BROADCAST SIGNAL INTRUSION – Review by Alexandra Heller-Nicholas

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There’s a certain generation for whom Max Headroom needs no introduction; a strange 80s computer generated pop cultural phenomenon who existed in a liminal space in the mediasphere, his square head, twisted humour and all-round weirdness crossed television (where his fame skyrocketed via his own television show), feature film, Coca-Cola commercials, and even pop music, providing the vocals of one of Art of Noise’s objectively best songs, 1986 single Paranoimia. The abstract embodiment of 80s cyberpunk fantasies of AI, there was a dark strangeness to Max Headroom that for those of us who lived through the peak of his popularity was almost hypnotizing.

Yet while perhaps a footnote to the broader Headroom success story, the still-chilling signal hijacking in Chicago in 1987 where a Headroom look-alike took over two Chicago television stations remains one of the most notorious instances of video piracy of all time. These videos can be found on YouTube and still have a genuinely eerie quality to them, heightened only further by the fact that those responsible for the act were never identified.

In this context, it feels only natural that this would serve as the inspiration for a horror movie, and if there’s anything surprising about Jacob Gentry’s Broadcast Signal Intrusion, it’s simply that it took so long for someone to clock just how powerful a foundation for a film in this genre this strange real-life story is. But Broadcast Signal Instrusion is much, much more than mere fanfic, and while set in the 1990s, the film’s fascination with media-centred conspiracy theories make it very much potent, relevant viewing from a contemporary perspective.

The film follows troubled protagonist James (Harry Shum Jr.), a photography nerd who works on digitizing old VHS tapes in a television archive. On an otherwise seemingly ordinary night at work, he discovers the first of a series of creepy broadcast signal intrusions; clearly inspired by the Headroom mysteries, here we have a figure in a disturbing white face mask which while clearly gendered female feels thoroughly dehumanized and uncanny.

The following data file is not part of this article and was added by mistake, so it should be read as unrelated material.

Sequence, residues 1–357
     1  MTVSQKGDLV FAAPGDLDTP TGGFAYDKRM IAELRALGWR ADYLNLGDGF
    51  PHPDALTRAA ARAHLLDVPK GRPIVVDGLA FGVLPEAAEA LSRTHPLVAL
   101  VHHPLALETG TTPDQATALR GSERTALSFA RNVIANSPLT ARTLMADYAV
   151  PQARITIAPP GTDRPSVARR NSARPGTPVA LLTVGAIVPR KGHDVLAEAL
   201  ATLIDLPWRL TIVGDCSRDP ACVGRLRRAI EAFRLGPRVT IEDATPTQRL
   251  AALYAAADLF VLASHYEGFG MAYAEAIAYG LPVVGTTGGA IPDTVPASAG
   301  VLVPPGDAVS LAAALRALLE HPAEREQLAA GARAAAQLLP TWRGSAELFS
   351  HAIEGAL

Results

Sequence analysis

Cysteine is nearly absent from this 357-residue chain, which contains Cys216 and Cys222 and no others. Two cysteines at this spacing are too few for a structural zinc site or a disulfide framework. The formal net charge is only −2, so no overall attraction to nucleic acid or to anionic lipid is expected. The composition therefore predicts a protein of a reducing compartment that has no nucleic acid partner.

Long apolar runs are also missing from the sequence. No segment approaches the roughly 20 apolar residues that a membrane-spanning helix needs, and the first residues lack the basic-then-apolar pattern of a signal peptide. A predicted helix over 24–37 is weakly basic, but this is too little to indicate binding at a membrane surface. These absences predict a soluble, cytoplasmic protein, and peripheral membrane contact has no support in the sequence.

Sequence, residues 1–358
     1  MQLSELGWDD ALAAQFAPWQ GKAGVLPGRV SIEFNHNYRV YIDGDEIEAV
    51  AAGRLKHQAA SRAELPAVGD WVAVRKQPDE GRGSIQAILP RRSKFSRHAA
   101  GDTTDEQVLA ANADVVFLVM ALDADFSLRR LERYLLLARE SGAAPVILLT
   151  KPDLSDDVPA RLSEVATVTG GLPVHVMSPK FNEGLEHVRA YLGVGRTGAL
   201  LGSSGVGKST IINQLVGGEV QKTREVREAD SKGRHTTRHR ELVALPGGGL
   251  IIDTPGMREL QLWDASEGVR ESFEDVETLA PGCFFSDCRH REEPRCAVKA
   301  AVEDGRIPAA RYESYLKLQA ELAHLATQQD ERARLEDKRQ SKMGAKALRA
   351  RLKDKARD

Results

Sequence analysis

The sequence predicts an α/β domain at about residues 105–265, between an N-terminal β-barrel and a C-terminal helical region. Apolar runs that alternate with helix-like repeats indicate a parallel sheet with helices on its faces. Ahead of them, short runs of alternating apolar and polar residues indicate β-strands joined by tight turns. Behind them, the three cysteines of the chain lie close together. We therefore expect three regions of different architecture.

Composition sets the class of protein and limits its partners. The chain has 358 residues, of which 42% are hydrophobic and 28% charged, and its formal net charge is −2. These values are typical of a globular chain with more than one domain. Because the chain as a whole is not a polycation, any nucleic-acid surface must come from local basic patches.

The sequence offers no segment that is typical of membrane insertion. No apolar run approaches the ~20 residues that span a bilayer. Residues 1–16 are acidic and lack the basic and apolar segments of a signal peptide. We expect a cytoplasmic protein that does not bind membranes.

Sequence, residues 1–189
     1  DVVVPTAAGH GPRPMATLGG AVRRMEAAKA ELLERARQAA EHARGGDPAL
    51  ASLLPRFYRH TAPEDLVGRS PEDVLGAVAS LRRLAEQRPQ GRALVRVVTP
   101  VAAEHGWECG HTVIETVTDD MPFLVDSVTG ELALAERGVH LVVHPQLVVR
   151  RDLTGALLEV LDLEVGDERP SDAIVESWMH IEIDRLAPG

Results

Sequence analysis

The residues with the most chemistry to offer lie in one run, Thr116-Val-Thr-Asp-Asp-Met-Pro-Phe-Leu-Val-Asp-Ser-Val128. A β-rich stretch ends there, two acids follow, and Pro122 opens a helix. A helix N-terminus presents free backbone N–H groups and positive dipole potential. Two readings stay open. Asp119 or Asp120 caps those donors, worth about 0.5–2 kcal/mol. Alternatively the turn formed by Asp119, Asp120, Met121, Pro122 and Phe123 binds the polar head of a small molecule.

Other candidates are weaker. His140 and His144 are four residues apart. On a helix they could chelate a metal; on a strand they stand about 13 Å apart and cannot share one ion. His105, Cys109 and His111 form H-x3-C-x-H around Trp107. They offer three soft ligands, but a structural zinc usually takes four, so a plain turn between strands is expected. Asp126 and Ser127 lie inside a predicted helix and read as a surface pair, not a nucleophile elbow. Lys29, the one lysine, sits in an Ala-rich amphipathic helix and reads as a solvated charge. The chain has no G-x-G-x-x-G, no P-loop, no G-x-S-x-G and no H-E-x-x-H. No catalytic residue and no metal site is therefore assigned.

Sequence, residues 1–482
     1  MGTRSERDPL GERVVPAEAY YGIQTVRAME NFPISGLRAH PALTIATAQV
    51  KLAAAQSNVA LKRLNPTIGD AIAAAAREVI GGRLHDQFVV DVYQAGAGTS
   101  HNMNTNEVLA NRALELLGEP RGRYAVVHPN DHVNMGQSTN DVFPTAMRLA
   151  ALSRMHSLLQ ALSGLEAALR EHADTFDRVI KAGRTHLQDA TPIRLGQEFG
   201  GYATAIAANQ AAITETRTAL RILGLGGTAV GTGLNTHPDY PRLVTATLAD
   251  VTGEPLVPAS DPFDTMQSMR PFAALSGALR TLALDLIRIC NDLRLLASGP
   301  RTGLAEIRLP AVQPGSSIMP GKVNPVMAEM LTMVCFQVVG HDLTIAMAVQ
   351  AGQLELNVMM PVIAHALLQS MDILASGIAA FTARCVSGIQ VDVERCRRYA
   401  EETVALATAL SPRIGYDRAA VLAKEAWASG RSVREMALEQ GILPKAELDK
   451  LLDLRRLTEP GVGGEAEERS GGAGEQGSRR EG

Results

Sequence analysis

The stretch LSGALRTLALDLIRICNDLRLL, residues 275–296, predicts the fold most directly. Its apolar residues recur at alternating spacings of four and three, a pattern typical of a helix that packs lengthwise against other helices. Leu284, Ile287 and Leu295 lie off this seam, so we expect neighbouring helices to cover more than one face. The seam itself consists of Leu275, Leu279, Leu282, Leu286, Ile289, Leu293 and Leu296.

Haunted by the disappearance of his dancer wife, James spirals into the conspiracy-laden world surrounding the tapes, meeting people along the way who may or may not be allies, and who may or may not be telling him the truth. Convinced that the videos have a connection to the disappearance of his wife and a number of other women, the lines between reality and paranoid delusion increasingly collapse around James, making his investigation even more difficult and abstract.

For some critics, parallels with Francis Ford Coppola’s magnum opus The Conversation are unavoidable, as essential to Broadcast Signal Intrusion in many ways as the Max Headroom incidents themselves. But on this front, it is somewhat surprising then that so many critics seem to demand that Broadcast Signal Intrusion adhere to their idea of a pedestrian, cookie cutter media thriller template, when it is simply not that kind of film and has no intention to be.

Rather, like Coppola’s film, Broadcast Signal Intrusion functions best when understood as a portrait of masculinity in crisis, compounded by a faith in media technology that cannot and will not reveal its secrets, simply because it does not have to. This movie is no clear-cut, legible missing person mystery, as its ambitions are far, far greater than that: it is a film about grief, about obsession, and about our susceptibility to conspiracy theories to fill the void at a time when emptiness reigns supreme. And on this front, Broadcast Signal Intrusion – with all its ambiguities, ellipses and poetic elisions – is both unique and rewarding, if only for a more discerning audience who doesn’t want or need their themes spoon fed to them.

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Alexandra Heller-Nicholas

Alexandra Heller-Nicholas is a multi-award-winning film critic and author who has published nine books on cult, horror and exploitation cinema with an emphasis on gender politics, including the 2020 book ‘1000 Women in Horror, 1898-2018’ which was included on Esquire Magazine’s list of the best 125 books written about Hollywood. Alexandra is a contributing editor at Film International, a columnist at Fangoria, an Adjunct Professor at Deakin University, and a member of the advisory board of the Miskatonic Institute of Horror Studies (LA, NYC, London).